Need more endorsement? Then consider this: Judeo-Christian faith speaks of "nonexistent things . . . as if they [already] existed" and gives form to the "substance," "evidence" and "proof" of things we do not see.6 If that isn’t Virtual Reality—at the supernatural level!—then why not?

Still, seraph and snake live side by side in the world of VR. So let the "buyer beware." It’s a fluid, ephemeral world where virtual reality and veritable reality overlap. So-called "evidence" might be a simulation itself--or a simulation of a simulation of a simulation. . . .

Anything and everything can be an "authentic fake"7—a land of malicious make-believe—a dominion of demons’ dreams—a beguiling, captivating, and enthralling fool’s paradise. And, as reality becomes less and less important, sensory addicts live more and more for simulated stimuli—no sense of right from wrong, no accountability, and no responsibility.

And, when their simulated senses wear off—when their "fulfillment" remains unfulfilled—when their satisfaction stays unsatisfied, they’re right back where they started: needing another "fix."

So VR "travelers" had better "pack" carefully. And, sooner or later, they had better come home. "Coming home" means coming back to all those things that hold us together—all those things that keep us from going crazy—all those "convictions," "credences," and "creeds" the world would rather we not have.

We’ve got to do better, surely, than the scientist who wore snow shoes once he realized he was standing on literally nothing.

A Seldom Told Story

Yet, none of the above suspects have proven the real enemy of church doctrine. Books, movies, secular spirituality, and virtual reality may resemble Monsters, Inc., but they’re not the main problem. So let’s tell a seldom told story:

The early church was vernal and vulnerable. And attacks of heretical teachings (like Gnosticism) forced crises of identity—even of survival! The only help came from Greek/Roman intellectuals8 who insisted on a strict canon of Scripture.

They were the first to shape Christian doctrine. Thank goodness for their help!

But Greek philosophy became "the friend that stayed too long." Increasingly, its philosophers pulled Scripture through the only world-view they knew. They took the basic phrases of Scripture and molded them into a systematic and philosophical whole. They fed "existence" and "truth" through the filter of formula, analysis, theory and conjecture. . . .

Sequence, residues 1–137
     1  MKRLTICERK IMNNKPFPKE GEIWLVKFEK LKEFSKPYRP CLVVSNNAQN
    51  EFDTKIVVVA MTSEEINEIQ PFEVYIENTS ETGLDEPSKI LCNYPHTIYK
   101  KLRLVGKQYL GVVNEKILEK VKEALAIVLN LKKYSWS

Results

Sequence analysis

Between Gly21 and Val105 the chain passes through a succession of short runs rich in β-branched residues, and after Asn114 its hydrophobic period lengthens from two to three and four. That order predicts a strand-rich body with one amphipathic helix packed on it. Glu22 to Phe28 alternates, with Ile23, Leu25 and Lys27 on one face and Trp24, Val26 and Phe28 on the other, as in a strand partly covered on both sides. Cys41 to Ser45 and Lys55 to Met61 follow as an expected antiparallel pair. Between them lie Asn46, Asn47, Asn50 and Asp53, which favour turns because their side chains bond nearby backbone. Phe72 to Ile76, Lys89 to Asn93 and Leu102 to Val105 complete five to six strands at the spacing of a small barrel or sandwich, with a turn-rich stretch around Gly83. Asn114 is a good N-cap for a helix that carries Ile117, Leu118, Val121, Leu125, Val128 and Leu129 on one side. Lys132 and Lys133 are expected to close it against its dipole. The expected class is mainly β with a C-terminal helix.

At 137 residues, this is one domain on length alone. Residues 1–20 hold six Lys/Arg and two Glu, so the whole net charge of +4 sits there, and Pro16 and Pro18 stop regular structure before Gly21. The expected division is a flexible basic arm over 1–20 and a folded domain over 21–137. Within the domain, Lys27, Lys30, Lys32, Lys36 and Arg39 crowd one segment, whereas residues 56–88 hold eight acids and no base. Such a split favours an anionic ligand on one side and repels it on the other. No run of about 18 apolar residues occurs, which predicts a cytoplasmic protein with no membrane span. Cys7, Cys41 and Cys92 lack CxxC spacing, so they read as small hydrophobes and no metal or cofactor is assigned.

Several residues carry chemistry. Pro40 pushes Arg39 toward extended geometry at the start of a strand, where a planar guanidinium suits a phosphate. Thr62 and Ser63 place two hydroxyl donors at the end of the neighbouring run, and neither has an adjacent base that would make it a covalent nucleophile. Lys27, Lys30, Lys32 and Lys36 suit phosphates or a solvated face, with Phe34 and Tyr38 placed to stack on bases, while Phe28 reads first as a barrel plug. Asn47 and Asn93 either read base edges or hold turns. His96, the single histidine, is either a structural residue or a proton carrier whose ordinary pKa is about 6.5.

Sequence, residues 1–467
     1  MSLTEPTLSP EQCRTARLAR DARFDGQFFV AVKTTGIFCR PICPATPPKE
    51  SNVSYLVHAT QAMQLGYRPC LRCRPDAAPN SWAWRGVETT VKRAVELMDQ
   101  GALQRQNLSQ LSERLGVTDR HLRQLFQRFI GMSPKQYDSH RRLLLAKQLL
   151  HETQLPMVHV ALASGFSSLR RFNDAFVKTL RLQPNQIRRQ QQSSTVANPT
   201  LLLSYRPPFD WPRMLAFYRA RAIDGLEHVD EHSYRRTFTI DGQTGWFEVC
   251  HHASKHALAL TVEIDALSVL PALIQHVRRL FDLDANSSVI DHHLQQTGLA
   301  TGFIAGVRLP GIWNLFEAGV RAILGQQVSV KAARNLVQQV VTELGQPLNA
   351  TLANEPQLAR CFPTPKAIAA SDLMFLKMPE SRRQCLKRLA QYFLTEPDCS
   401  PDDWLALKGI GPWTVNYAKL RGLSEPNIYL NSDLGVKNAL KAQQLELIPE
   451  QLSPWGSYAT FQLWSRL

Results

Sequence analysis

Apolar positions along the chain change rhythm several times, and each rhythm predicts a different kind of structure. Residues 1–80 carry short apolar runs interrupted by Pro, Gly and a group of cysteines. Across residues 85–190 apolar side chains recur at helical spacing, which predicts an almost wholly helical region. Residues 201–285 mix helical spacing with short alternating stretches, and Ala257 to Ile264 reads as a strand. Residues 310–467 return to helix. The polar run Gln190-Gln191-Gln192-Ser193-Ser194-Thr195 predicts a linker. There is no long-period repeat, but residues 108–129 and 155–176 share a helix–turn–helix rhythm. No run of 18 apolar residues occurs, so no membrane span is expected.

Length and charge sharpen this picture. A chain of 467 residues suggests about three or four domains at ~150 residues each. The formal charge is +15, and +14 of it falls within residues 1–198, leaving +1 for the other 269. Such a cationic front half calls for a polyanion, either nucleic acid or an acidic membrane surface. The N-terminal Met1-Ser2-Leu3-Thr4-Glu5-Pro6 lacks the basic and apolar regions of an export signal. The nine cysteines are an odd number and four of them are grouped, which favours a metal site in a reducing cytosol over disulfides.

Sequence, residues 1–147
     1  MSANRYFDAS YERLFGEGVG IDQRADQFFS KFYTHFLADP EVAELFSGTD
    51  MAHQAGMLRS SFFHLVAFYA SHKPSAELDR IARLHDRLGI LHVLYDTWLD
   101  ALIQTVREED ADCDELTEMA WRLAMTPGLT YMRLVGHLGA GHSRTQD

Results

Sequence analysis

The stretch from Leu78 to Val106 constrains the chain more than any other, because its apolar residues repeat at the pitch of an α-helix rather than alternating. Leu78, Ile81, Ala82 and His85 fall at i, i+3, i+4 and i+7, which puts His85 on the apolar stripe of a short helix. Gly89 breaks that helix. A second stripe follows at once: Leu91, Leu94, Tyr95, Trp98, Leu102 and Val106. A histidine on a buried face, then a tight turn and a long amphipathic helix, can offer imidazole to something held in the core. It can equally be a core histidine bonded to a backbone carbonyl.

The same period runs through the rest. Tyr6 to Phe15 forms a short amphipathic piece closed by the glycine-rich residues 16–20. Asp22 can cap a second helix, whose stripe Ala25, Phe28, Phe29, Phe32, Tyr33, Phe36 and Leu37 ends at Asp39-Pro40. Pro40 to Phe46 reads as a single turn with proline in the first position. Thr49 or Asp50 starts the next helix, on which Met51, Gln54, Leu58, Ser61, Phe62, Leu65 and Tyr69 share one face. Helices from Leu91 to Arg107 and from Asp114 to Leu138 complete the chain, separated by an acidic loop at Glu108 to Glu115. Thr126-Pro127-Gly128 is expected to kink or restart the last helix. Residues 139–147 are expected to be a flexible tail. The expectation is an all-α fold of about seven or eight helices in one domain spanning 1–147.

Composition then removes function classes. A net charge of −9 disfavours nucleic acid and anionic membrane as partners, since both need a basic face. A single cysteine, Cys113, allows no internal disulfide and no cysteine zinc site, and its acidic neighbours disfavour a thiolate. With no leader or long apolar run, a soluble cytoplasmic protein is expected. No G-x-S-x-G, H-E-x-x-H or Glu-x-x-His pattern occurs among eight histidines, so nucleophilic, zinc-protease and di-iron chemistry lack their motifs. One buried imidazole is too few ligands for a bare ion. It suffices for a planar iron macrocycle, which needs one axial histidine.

In short, they brought classical rhetoric to the aid of an imperiled religion.

But these well-meaning friends also brought a twice-removed "Good News," a distant "idea" of God, and a disembodied spirit. Christian passions, for example, were considered "ungodly," a "sign of weakness," even a "source of evil." And, anything beyond explanation—"mystery," as example—was simply not part of the equation.

Faith was reduced to the intellectual assent and "sacred" integrity of the logical mind.

This bending of Scripture into a Greek world is the story of Western Christianity. And, today, nothing has changed. We remain more Greek than Judeo-Christian. And our Greek view is "the very essence of how we know, or can be certain, about what is true and false."9

It’s the story of a Greek "soul."

Where the Rubber Hits the Road

Shouldn’t the obvious be obvious? Shouldn’t the church know these things?

Incredibly, we don’t.

Greek world views and Hebrew realities were dissonantly different. Greek minds and Hebraic consciousness were profoundly incompatible. Nowhere does Scripture get even close to a philosophical discussion. And when Jesus said, "I am the truth," His truth has nothing to do with a logical or systematic theology.

Clearly, the Hebrews knew a different knowing. They grasped unspoken revelations suddenly and intuitively. They embraced understandings that come only from "the spirit in a man"—only from "the breath of the Almighty."10 And, these understandings were more than "ideas." After all, "What is born of the Spirit is Spirit."11

So Paul’s warning should come as no surprise: "Reason without the Holy Spirit . . . is death."12

For this Spirit is not a "theological Spirit." Rather than the cold abstractions of a remote and unchanging God, biblical writers encountered the Spirit in every lived and changing event. Rather than theoretical doctrines devoid of real-life evidence, Hebrew believers found the Spirit in all personal encounters—even the chaos and mess that follow fallen people in a fallen world.

Their "theology" was "where the rubber hits the road."

Rather than a stoic apathy and a disembodied wisdom, Hebrew prophets knew a guileless sympathy and an embodied wisdom. Rather than a cold journey from doctrine to decision, Hebrew hearts moved from passions to prophecy.

Their feelings and thoughts were the same!